Expiring Tax Credit Lifts House Prices in April
By Dean Baker
The purchase mortgage applications index is at its lowest level since 1997.
The Case-Shiller 20-City index rose by 0.8 percent in April, the first increase since last September. Prices rose in 18 of the 20 cities, with only New York and Miami reporting price declines. The biggest increases were in Washington, DC, where prices rose by 2.4 percent, San Francisco, with a 2.2 percent increase, and Dallas, with a 2.0 percent increase. Prices also rose by 1.8 percent in May in Atlanta, Minneapolis, and Portland.
The expiration of the first-time buyers tax credit was clearly a main factor in this price rise. The April figure is based on closing in March, April, and May, all of which would likely have been affected by the need to get a contract signed by the end of April in order to qualify for the credit.
The influence of the tax credit is demonstrated by the fact that in most cities, homes in the bottom third of the market saw the greatest price rise. For example, in Las Vegas, prices for homes in the bottom tier rose by 2.3 percent in May, while they fell for homes in the other two tiers. Over the last quarter, the price of homes in the bottom third of the market have risen at a 14.7 percent annual rate, while they have fallen at a 2.8 percent rate for the middle tier and a 5.8 percent rate for the top tier. There is a similar story for Los Angeles, where prices for homes in the bottom tier rose 1.6 percent in May, while prices for the middle tier rise by 0.7 percent, and prices for homes in the top tier fell by 0.4 percent.
The tax credit will have the most impact on the bottom tier both because it is primarily oriented toward first-time buyers, who will mostly buy lower end homes, and also because the $8,000 credit is a larger share of the price of cheaper homes. Therefore it can be expected to have a greater influence on their price.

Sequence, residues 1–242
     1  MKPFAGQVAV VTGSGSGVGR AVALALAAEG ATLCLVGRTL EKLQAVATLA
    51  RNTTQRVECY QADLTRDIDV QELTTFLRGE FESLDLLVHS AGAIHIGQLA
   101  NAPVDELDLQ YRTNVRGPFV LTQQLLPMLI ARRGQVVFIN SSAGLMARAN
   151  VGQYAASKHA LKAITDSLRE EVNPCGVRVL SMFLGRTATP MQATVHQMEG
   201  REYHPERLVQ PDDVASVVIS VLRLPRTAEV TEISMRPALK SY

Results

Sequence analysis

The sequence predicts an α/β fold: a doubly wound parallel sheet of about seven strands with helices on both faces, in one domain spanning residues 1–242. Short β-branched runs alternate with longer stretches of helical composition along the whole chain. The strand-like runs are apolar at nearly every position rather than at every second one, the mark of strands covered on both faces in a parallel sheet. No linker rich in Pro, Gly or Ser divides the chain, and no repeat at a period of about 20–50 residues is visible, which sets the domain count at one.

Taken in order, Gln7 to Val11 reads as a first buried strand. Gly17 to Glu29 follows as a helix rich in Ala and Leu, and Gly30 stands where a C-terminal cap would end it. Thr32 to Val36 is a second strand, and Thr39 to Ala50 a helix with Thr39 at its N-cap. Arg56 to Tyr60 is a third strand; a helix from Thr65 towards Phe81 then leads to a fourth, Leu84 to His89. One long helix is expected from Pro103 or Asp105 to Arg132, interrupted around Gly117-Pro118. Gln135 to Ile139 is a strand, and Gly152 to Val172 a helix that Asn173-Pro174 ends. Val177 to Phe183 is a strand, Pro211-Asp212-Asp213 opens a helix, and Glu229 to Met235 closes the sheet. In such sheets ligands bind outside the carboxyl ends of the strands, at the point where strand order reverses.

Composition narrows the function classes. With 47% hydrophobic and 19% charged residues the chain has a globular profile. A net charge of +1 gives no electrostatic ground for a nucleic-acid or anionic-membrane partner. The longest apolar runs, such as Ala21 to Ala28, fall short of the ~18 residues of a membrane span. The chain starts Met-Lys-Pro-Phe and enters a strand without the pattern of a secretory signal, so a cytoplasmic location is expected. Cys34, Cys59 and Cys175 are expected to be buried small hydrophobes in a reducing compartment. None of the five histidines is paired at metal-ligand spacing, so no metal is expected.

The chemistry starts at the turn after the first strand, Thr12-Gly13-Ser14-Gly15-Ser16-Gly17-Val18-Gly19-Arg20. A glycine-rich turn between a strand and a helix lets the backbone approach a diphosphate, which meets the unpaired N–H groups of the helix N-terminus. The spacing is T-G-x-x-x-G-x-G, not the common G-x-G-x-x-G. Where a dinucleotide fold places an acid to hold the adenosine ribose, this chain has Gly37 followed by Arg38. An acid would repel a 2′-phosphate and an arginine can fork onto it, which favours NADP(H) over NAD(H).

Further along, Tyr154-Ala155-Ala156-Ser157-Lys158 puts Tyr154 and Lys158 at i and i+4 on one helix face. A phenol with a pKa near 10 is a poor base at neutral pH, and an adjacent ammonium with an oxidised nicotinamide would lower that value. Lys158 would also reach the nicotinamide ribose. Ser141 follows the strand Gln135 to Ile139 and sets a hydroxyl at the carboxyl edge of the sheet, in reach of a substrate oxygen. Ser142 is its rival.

With the credit ending for homes contracted after April 30th, this is likely the last month for which it will be boosting prices. The sales that were contracted in time to qualify for the credit will mostly close by the end of May and therefore be included in the April Case-Shiller data. The May data will include home closings in June, many of which will have been contracted after the expiration of the deadline.
At this point, it seems clear that demand fell off sharply as soon as the deadline passed, repeating the pattern seen after the expiration of the original credit in November. New home sales for May, which reflect contracts signed in the month, were down 32.7 percent from the April level, hitting the lowest level on record. This followed a 14.7 percent increase in new home sales for April. It is also worth noting that the median price of new homes fell sharply the last two months. It dropped 9.6 percent in April, which is a predictable result of a surge in first-time buyers contracting for new homes. However, the median price fell another 1.0 percent in May, which indicates that serious weakness in the market is forcing builders to sell at deep discounts.
The mortgage applications index showed a similar pattern with mortgage applications remaining strong through April. The index then plunged in May, hitting its lowest levels since 1997.
As would be expected, the tax credit pulled many purchases forward. This means that the rate of sales in the period just before the expiration of the credit was higher than the underlying trend and the rate of sales in the months following the expiration will be considerably lower than the underlying trend. Since prices were actually falling through most of the period prior to the expiration of credit, it seems certain that the rate of house price decline will accelerate sharply in the second half of 2010. If the situation in Europe stabilizes so that the flight to the dollar is reversed, then it will lead to higher mortgage interest rates, which will be another factor dampening demand.
Dean Baker is a macroeconomist and co-director of the Center for Economic and Policy Research in Washington, DC. He previously worked as a senior economist at the Economic Policy Institute and an assistant professor at Bucknell University.